Mistake: Our online store excepts all major credit cards, as well as PayPal.

Correction: Our online store accepts all major credit cards, as well as PayPal.

Mistake: The renovations will include all office suites, accept the administration offices on the top floor.

Correction: The renovations will include all office suites, except the administration offices on the top

10. Between or among? Use "between" to refer to two clearly separate things. Use "among" to refer to things that are not clearly separated.

Mistake: Customers may choose among free shipping or a 10 percent discount.

Correction: Customers may choose between free shipping or a 10 percent discount.

11. Active or passive voice? While using the passive voice is not technically an error – and in some cases, you may not even be able to avoid it – you should try to limit it as much as possible. Aim to use active voice in your messages as much as possible. With the active voice, the subject is performing the action. In passive voice, the subject receives the action.

Active voice: Craig uploaded the video.

Passive voice: The video was uploaded by Craig.

Active voice makes your message more direct and easier to read and understand. It also gives it a livelier and more relevant feel.

While these are some of the more common grammar and usage errors, many more problems can sabotage your business e-mails. While running your message through your grammar checking software and spell checkers is a good first step, these programs do not catch everything. A handy resource is William Strunk's The Elements of Style.

Usage errors and typos happen to all of us. The problem is that we tend to miss our own mistakes. Why? It's not carelessness. In fact, Tom Stafford, British psychologist and cognitive science lecturer at the University of Sheffield, says that there are solid reasons why we find it so hard to see our own mistakes. Stafford, who studies typographical errors, said in an interview with wired.com that we read over our own mistakes, because we see the correct version in our heads.

If you have typed "hte" for "the," or "you" for "your," for instance, you may read right over the error, because you know the meaning you want to convey and your brain does its own version of autocorrect. It is actually a high-level thinking process, according to Stafford.

A study published in The Journal of Research and Reading confirmed that the participants who were extremely familiar with a piece of writing were much more likely to overlook mistakes, than readers who were not familiar with the writing.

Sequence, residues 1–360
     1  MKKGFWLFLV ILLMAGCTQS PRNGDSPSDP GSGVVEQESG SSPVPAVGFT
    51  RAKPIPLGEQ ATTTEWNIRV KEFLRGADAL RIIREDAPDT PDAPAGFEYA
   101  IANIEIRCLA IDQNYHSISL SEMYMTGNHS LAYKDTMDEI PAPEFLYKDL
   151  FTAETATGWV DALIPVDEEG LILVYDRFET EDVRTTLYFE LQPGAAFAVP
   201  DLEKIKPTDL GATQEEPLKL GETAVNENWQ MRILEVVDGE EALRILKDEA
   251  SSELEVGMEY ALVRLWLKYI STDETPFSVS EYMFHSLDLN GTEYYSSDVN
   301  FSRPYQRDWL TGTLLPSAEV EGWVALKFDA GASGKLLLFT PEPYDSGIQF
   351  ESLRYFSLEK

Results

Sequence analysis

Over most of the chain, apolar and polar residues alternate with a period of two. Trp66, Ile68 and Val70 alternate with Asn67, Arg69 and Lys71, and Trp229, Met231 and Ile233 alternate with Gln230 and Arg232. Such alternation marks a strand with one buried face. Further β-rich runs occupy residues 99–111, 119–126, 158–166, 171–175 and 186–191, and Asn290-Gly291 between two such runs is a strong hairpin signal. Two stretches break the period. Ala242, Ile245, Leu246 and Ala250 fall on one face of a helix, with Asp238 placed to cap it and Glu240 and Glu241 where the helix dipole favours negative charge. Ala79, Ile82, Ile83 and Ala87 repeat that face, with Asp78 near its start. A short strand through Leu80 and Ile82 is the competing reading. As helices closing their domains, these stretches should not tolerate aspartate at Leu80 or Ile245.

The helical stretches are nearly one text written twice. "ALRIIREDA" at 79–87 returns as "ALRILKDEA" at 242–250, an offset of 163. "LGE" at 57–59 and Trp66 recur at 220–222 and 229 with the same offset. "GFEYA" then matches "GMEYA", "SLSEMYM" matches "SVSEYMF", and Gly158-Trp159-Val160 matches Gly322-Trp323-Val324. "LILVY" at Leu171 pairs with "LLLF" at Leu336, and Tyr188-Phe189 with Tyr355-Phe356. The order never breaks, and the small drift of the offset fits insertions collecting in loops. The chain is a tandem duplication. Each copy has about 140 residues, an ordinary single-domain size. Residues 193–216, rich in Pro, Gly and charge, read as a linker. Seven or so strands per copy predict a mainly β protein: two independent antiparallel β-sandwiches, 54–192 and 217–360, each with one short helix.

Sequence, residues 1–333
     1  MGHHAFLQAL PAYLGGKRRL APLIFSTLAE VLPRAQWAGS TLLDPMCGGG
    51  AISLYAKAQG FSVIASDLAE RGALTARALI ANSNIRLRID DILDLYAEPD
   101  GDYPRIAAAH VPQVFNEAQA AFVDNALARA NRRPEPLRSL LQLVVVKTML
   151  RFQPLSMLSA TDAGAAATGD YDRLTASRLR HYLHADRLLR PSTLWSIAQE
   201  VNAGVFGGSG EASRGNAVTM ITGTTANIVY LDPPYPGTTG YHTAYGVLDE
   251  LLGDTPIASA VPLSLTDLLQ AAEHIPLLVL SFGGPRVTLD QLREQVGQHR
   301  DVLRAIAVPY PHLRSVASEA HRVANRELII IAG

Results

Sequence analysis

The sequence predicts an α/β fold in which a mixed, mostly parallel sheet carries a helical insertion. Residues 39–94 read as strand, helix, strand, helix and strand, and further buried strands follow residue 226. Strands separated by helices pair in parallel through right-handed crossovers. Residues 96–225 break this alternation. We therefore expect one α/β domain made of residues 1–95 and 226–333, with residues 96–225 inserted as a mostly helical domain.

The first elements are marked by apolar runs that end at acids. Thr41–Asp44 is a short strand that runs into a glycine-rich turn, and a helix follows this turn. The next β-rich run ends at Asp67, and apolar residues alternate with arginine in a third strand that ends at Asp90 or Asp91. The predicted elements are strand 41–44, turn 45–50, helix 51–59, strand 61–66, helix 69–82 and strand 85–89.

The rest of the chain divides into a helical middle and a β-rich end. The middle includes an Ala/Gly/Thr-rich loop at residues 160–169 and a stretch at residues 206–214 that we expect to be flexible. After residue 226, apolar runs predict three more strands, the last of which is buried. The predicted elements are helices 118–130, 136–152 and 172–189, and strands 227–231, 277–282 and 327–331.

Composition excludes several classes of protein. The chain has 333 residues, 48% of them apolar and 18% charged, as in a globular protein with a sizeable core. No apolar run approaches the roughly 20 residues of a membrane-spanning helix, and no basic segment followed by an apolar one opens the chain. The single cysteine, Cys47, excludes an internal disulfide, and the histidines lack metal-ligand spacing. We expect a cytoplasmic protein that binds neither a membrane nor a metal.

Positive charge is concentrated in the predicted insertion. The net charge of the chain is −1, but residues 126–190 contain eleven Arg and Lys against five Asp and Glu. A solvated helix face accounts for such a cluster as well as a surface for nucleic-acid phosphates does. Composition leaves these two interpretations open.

Just as we are often able to see other people's character faults more clearly than our own, we are able to spot other writers' mistakes more clearly than our own typos and usage errors. What this means is that you have to trick your brain into seeing the errors. How? By reading your message slowly, aloud.

Another trick is to read your message from the end to the beginning. Reading it backwards strips the e-mail of its meaning, so you can look at individual words clearly to see if they are typed correctly.

A third idea is to save the message to read later, after some time has elapsed. Giving yourself a little time "away" from the work will enable you to spot errors more easily.

Printing out your message is another option for catching mistakes. Seeing your work on the printed page, rather than the computer screen, may make the errors stand out more clearly. Some writers also find that they can spot their errors by holding a ruler under each line as they proofread. By isolating each line, you can magnify the errors.

Another idea is to temporarily enlarge the font size of your message. When you read your work in a larger size, the typos tend to pop out. You also could change the typeface. Causing the words to look different helps our brains spot mistakes.

See if your Word or Mac program has an "enable text-to-speech" option. To hear your text read aloud by your computer, you can highlight a paragraph or entire message, and then click the Speak icon on the toolbar. If this option does not appeal to you, a final option is to ask a friend or co-worker to proofread your message for you. You can return the favor when that person has an important message to send out.

The more experience you get recognizing your errors and correcting them, the fewer mistakes will find their way into your "sent" box. You also will begin to recognize certain words you overuse in your business writing. If you communicate with the same audience on a regular basis, this repetition can get boring for your readers.

Avoid empty-sounding words such as "very," "mostly," "basically," "actually," "probably" and "really." Also, aim to rid your workplace e-mails of vague generalities such as, "Many people say," or "Everyone agrees." When you use specific examples, your words are more convincing. You will gain credibility.

Although some people like writing more than others, and some people find it more natural than others, writing is a skill that can be learned. Like any skill, the more you practice, the better you get at it. Just make sure, you are practicing good writing habits with your business communication.